Safety Education and Helmet Giveaway on Nov. 19

Two free presentations with evocative photos, stories, and facts about motorcycle and moped helmet safety will be offered on Tuesday, November 19 in Business Administration lecture hall A-102.  Speakers include former patients who crashed with and without helmets.
Seating at each presentation is limited to the first 200 people who show legal proof of ridership (see items to bring below) and who agree to complete a survey. Thirty audience members from each presentation will be chosen at random to receive free Scorpion helmets.

PRESENTATION TIMES (attend ONE, registration at the door required):
  • 4 - 5pm (register starting at 3:30pm*)
  • 6 - 7pm (register starting at 5:30pm*)
*Register early to get the best picks of helmets, if selected as a winner

BRING:
valid Driver's License showing Class 2 (motorcycle/scooter) endorsement OR moped registration card plus photo ID.

SPONSORS:
The Queen's Medical Center's Trauma Center, Hawai'i State Department of Transportation, with UHM's Commuter Services and Campus Security.

Charles Noffsinger Named New Chief of Campus Security & Emergency Management

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The University of Hawaiʻi at Mānoa has named Charles Noffsinger as its new chief of Campus Security & Emergency Management. Noffsinger brings with him 24 years of experience on the University of Michigan Police Department, where he played a substantive role in helping the department grow from a small security unit to a full-service police department, one of the largest and most respected in the region. He was one of Michigan’s five original police officers in 1990 and subsequently rose through the ranks to deputy chief. Noffsinger states “I’ve been privileged to have had many professional opportunities and feel I have much to offer in a chief’s role. After spending almost two and half decades with the University of Michigan, I was looking for the right opportunity to continue my career in campus law enforcement. I knew I wanted to remain in a vibrant, diverse, research university setting. I have also always dreamed of living on an island – preferably a warm one. This opening at UH Mānoa was ʻthe right place at the right time’.”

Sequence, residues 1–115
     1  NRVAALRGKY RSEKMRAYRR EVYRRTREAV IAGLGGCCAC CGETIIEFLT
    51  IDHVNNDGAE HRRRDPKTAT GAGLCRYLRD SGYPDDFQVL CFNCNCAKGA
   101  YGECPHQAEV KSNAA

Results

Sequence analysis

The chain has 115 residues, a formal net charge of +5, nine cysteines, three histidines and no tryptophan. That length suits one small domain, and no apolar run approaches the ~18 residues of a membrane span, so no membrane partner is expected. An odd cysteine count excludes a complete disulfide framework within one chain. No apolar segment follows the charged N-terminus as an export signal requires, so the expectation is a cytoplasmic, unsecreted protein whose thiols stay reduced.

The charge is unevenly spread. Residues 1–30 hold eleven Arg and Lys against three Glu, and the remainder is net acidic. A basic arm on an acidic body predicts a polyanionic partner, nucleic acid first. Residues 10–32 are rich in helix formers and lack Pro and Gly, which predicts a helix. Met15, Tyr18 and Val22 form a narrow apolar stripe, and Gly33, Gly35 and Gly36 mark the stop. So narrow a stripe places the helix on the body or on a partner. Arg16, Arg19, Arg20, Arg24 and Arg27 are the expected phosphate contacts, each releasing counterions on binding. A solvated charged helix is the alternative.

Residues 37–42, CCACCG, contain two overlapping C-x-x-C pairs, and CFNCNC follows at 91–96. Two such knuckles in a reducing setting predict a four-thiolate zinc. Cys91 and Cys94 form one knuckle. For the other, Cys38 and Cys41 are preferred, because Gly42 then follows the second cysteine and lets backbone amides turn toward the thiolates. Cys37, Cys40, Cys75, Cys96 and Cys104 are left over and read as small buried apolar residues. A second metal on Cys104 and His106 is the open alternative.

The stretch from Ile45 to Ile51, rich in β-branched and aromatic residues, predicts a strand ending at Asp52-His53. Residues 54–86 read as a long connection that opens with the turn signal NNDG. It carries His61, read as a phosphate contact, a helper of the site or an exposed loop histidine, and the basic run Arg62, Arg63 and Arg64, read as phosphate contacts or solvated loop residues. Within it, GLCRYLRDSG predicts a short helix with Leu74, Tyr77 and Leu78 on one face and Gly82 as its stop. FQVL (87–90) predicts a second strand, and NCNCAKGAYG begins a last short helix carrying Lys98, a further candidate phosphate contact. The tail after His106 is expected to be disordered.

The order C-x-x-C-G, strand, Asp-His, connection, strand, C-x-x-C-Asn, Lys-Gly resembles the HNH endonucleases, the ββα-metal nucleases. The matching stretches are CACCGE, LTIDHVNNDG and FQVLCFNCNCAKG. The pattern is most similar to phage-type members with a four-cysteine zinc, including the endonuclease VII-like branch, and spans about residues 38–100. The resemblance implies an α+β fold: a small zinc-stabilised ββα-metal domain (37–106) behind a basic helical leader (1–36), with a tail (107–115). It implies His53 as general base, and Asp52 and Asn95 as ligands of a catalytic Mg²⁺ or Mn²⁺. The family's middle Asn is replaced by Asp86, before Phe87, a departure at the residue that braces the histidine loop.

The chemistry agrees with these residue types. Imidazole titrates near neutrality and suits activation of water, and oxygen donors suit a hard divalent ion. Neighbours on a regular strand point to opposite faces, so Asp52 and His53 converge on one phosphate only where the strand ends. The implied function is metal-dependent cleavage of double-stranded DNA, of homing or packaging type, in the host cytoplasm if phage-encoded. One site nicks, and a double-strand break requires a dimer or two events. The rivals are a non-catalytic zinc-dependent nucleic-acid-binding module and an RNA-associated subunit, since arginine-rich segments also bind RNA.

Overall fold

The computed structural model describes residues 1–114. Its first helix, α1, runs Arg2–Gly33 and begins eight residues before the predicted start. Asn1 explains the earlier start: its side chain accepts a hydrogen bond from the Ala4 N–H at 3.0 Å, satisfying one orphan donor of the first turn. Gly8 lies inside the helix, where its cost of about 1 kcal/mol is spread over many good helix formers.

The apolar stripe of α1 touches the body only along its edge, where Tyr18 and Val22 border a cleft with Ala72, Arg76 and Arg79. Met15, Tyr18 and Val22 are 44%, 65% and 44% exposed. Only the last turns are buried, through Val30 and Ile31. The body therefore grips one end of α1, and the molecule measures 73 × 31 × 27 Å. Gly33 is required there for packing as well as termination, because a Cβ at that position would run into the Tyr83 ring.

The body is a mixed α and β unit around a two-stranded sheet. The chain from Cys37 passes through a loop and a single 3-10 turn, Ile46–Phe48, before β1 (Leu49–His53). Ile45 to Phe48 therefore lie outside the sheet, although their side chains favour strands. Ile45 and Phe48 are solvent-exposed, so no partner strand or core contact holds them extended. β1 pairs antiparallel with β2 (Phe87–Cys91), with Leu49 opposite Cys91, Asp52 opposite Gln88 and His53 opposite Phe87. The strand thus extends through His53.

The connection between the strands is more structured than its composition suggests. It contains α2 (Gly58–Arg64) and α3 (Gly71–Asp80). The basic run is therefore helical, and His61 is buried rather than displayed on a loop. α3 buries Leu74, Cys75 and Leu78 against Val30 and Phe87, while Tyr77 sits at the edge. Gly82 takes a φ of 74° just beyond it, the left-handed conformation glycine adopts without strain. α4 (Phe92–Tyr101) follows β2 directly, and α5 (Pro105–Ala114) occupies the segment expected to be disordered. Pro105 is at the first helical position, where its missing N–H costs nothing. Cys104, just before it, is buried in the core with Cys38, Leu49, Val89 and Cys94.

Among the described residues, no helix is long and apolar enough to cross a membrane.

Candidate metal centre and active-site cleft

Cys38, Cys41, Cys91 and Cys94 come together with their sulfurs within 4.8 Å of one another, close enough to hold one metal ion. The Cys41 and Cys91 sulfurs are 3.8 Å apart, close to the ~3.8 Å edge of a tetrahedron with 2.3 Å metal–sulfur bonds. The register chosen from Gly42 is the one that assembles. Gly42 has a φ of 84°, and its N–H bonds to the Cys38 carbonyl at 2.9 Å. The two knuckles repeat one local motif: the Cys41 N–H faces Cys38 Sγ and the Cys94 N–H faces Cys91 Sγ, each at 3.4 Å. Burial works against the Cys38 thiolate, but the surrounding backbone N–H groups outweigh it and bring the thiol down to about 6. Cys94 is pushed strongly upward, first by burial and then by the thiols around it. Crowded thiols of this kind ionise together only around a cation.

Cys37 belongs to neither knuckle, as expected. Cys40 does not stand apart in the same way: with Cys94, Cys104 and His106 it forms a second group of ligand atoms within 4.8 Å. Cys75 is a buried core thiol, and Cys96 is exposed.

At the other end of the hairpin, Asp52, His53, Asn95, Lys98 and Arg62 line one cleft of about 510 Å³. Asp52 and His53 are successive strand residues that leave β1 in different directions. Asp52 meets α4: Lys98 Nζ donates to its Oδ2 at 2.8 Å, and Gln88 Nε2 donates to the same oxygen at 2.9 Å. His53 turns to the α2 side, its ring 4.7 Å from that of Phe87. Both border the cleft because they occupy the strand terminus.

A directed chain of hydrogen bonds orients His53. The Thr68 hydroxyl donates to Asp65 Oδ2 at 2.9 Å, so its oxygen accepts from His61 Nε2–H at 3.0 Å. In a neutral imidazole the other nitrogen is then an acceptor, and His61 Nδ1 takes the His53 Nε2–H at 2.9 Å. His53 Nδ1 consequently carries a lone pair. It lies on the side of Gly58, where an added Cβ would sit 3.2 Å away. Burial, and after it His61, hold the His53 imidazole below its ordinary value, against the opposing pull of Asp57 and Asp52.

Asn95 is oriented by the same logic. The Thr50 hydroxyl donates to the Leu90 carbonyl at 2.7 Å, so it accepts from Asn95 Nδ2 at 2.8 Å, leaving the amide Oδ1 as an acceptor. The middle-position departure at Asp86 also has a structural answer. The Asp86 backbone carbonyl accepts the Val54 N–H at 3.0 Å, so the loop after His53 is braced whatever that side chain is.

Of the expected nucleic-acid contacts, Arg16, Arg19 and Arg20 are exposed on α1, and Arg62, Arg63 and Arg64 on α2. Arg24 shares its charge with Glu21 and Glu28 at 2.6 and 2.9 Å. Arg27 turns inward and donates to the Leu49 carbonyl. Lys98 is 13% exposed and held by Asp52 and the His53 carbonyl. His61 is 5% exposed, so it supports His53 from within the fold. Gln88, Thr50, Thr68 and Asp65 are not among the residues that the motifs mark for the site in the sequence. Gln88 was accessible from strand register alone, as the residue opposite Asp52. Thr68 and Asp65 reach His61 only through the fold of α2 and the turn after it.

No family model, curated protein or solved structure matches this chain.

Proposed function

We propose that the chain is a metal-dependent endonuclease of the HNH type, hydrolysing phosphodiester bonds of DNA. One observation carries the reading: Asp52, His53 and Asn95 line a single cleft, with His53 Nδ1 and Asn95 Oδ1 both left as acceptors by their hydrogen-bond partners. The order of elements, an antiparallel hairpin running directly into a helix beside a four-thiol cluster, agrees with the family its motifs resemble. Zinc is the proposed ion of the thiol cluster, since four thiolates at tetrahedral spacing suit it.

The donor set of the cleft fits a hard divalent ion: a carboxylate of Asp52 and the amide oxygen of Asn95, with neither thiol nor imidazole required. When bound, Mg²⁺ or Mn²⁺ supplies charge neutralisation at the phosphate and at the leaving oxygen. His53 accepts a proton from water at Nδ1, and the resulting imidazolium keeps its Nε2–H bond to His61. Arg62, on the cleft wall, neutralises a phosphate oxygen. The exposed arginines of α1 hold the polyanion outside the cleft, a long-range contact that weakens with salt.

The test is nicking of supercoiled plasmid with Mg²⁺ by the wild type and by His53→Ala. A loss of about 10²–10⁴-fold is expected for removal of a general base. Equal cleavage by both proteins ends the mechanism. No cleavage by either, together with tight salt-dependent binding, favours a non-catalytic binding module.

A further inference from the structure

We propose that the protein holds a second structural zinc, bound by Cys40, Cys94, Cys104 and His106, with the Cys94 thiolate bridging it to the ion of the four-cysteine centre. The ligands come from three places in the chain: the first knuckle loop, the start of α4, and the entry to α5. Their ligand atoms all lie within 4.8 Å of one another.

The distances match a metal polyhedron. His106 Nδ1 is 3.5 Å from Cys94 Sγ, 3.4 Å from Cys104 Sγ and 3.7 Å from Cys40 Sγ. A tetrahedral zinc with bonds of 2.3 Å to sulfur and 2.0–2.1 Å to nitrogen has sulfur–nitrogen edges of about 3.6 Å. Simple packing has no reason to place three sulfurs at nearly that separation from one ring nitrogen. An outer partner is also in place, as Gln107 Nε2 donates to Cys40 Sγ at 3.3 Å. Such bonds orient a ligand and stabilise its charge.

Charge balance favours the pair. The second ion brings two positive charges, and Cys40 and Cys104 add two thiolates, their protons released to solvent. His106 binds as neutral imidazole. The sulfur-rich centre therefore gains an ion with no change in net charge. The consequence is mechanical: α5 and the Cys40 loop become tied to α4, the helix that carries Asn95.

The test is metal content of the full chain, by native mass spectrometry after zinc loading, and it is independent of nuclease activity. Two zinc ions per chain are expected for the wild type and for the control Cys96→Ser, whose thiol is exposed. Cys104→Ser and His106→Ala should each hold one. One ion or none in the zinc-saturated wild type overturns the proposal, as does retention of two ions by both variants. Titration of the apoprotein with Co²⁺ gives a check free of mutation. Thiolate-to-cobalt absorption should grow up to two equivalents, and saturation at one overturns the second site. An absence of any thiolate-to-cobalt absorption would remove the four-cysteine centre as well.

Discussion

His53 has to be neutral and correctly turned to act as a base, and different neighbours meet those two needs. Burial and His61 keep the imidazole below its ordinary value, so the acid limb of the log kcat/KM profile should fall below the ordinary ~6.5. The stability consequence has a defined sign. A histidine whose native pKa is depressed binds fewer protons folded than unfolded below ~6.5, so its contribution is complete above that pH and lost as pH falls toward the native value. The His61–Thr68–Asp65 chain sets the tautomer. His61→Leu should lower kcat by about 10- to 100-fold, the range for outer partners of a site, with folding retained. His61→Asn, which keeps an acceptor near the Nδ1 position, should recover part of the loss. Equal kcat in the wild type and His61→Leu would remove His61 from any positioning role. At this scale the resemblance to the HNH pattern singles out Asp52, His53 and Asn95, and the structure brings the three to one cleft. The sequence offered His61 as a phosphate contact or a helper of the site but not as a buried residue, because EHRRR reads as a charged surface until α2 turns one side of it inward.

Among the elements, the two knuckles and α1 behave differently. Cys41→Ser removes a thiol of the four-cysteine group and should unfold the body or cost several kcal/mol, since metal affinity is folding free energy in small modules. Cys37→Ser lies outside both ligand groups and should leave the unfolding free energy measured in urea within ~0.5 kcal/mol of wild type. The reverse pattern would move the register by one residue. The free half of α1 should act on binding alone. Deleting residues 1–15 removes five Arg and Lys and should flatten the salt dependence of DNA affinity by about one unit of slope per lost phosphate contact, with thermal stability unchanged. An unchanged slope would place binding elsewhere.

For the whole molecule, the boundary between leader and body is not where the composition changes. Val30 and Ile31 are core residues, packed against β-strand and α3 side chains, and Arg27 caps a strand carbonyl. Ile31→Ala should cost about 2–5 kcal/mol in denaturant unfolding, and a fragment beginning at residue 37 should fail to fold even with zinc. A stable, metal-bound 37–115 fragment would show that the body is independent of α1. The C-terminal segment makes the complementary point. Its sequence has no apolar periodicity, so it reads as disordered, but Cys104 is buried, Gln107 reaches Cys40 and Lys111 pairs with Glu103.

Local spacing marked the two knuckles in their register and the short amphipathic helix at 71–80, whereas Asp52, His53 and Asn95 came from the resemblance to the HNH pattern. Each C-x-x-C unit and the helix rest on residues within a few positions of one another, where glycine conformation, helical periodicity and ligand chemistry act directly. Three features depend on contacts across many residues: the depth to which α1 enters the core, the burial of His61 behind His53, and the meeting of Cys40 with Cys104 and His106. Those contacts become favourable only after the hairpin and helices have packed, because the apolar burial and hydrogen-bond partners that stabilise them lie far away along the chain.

For ten years of his tenure with the University of Michigan Police Department, Noffsinger was the staff services bureau commander and was directly responsible for all personnel matters, budget and purchasing, the E-911 communications center, data services unit, strategic planning and policy development, and CALEA Accreditation. He planned and managed the Department’s presence at athletics and other special events activities and functions, and served as the incident commander for Michigan’s home football game operations, which have seen the largest crowds in a college stadium in the country. Noffsinger has also overseen dignitary protection details for VIPs including the Dalai Lama, governors, congresspersons, and U.S. presidents.